Decorating teeth with colorful paints or dyes may seem like a fun and creative way to express yourself. However, it carries many health risks that make it an unwise choice. In this comprehensive article, we’ll explore the methods people use to paint their teeth, analyze the potential dangers in depth, overview safer alternatives recommended by dentists, look at scientific evidence and professional advice against it, and answer common questions.
Methods for Painting Teeth
While it’s technically possible to coat teeth in paint or dye to change their color, the techniques used can jeopardize your oral health:
1. Toothpaste and Whitestrips
Some non-mainstream toothpastes or whitening strips contain food coloring or blue covarage crystals chosen to make teeth appear unnaturally white. Using them long-term can damage enamel.
2. Food Coloring
Applying highly concentrated food coloring directly on teeth is a popular DIY approach. However, food dyes contain acid and chemicals that erode tooth enamel.
3. Craft Paint
Using hobby paints like nail polish, model paint, or craft acrylics is one of the most hazardous ways to paint teeth. These paints can severely burn and disintegrate tooth enamel.
4. Drink Mixes
Some toxic trends encourage swishing or drinking beverages mixed with Kool-aid powder or similar drink mixes to stain teeth. Many contain citric and malic acids that erode enamel.
5. Veneers & Bonding Resins
Dental veneers and bonding resins can be professionally tinted before application on teeth. When done by a dentist, this can be a safer alternative to regular enamel-damaging paints.
Painting teeth may seem harmless, but carries significant oral health dangers:
The acidity in paints or dyes leads to erosion of protective enamel, allowing bacteria penetration and eventual cavities.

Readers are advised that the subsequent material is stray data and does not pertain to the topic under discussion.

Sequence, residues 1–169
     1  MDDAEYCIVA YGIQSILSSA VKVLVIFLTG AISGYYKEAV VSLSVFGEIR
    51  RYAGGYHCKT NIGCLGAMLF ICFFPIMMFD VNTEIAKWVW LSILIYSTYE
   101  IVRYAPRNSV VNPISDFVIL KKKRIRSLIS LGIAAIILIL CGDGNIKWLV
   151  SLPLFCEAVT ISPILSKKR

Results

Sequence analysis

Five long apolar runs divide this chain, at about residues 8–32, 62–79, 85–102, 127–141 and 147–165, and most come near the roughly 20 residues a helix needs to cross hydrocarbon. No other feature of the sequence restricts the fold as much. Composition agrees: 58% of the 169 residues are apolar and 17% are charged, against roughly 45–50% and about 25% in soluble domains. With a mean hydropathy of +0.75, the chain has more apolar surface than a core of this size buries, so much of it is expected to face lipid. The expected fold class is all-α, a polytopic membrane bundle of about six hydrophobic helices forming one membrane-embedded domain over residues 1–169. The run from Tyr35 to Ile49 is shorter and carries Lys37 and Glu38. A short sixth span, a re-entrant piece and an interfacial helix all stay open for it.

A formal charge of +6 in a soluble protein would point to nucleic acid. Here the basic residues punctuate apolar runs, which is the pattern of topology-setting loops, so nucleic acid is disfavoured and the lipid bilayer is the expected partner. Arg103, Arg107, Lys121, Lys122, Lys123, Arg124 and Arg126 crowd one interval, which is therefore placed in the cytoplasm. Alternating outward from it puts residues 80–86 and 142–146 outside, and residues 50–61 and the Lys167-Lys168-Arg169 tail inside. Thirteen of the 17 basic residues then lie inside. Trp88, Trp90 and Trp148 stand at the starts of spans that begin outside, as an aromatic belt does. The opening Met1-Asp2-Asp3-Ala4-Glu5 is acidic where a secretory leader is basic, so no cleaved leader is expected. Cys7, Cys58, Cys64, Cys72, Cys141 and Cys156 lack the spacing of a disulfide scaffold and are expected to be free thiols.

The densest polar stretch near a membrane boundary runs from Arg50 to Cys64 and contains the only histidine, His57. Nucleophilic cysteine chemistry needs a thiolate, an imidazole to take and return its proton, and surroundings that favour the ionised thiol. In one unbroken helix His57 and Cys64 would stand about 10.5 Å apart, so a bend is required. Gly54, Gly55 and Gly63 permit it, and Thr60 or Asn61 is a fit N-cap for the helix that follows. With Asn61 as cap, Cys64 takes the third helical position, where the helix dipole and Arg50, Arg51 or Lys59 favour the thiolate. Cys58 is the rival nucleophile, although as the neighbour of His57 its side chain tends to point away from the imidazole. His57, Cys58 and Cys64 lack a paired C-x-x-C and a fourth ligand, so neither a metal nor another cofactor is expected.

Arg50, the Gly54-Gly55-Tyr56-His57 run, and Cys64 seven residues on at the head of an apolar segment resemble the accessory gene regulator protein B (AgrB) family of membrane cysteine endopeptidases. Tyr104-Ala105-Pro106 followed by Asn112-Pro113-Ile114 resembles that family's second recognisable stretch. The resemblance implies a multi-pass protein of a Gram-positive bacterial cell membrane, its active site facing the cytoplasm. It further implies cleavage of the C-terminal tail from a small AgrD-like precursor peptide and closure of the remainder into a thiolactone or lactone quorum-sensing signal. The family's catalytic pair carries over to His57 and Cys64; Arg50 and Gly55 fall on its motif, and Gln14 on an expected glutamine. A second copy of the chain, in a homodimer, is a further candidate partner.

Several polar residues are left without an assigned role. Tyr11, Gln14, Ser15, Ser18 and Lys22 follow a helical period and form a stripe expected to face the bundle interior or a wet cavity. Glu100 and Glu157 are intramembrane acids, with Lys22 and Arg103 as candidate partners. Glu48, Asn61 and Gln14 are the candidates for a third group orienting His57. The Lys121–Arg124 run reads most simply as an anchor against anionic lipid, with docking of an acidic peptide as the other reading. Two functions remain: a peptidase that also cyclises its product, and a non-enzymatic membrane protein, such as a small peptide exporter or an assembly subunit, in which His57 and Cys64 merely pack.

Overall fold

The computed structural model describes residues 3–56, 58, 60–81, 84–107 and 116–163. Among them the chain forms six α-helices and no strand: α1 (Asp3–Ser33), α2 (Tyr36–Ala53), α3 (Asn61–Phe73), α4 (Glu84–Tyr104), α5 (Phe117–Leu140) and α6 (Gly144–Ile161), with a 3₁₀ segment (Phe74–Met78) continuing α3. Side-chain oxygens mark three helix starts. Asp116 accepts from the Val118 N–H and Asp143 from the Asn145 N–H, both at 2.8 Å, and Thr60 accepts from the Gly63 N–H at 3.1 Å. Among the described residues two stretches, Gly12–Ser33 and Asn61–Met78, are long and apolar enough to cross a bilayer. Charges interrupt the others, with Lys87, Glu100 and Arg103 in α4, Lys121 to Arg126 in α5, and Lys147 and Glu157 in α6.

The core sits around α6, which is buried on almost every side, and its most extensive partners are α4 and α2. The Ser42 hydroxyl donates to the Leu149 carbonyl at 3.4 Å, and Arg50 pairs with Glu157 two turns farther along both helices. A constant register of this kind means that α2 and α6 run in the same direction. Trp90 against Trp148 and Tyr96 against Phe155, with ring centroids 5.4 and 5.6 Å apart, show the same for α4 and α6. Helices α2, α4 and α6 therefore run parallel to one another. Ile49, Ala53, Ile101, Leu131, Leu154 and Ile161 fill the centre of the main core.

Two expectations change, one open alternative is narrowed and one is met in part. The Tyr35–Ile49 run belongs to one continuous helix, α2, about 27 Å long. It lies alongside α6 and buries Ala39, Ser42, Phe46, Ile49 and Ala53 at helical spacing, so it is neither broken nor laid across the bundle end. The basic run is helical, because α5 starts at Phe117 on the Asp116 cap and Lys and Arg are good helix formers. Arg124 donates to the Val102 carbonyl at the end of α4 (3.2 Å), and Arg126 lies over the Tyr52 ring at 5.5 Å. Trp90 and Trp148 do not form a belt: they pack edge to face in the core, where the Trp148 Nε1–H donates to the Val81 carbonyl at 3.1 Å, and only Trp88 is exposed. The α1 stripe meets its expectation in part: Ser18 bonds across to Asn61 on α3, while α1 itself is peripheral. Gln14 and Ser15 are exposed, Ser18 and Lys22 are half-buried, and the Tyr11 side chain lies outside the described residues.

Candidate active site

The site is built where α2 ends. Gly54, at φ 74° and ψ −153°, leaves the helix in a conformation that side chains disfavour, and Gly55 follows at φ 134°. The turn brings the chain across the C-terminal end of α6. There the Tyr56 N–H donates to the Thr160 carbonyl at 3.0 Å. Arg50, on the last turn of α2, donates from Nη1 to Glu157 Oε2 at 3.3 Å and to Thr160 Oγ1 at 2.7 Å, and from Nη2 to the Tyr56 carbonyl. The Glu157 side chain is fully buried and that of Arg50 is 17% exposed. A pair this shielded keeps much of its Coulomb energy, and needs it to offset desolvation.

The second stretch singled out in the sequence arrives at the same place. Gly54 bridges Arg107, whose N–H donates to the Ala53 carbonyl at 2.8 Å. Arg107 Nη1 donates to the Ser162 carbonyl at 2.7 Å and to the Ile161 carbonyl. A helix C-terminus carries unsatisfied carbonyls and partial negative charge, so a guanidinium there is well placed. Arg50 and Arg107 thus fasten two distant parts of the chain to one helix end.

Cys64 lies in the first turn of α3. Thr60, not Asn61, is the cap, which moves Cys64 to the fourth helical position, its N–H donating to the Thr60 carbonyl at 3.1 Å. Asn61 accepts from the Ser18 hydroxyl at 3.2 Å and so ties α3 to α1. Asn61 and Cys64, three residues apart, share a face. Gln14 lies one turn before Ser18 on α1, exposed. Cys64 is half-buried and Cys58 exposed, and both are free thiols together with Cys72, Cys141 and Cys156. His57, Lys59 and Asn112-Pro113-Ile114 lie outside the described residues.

Chemical exposure also irritates gums, making them more vulnerable to inflammation, infections, and periodontal disease.
Openings in enamel from paints increase the risk of painful infections like canker sores, abscesses, and ulcers.
Accidentally swallowing paint can cause nausea, vomiting, diarrhea, and other gastric distress.
Ingredients in paints may trigger dangerous allergic responses like rashes, swelling, or anaphylactic shock in those with sensitivities.
Painting over dental work like fillings, seals, crowns, or veneers can discolor and ruin expensive restorations.
Contrary to belief, paint does not permanently change actual tooth color. It easily chips away, leaving embarrassing stained patches on teeth that can be impossible to remove.
Safer Alternatives for Coloring Teeth
Those eager to decorate their teeth are better off choosing temporary methods recommended by dentists:
- Whitening toothpastes containing blue covarage crystals to create optical effects.
- Professionally supervised teeth whitening for brighter, lighter teeth.
- Snappable plastic braces covers in fun colors.
- Foods/drinks that briefly stain teeth like berries, wine, soda, etc.
- Temporary dental overlays that can be safely removed.
- Veneers/bonding resins tinted beforehand by a dentist.
These techniques are lower risk, reversible ways to temporarily color teeth that do not permanently endanger enamel or oral health. Those considering long-term tooth coloring should consult their dentist for advice first.